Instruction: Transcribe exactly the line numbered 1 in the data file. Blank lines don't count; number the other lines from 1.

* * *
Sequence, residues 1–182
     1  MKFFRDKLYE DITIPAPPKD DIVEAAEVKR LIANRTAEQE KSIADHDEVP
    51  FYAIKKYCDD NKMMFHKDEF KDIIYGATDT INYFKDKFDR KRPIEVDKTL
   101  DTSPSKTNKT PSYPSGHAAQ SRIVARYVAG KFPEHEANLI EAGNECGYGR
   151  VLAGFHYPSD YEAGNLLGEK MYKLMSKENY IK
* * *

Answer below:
Sequence, residues 1–182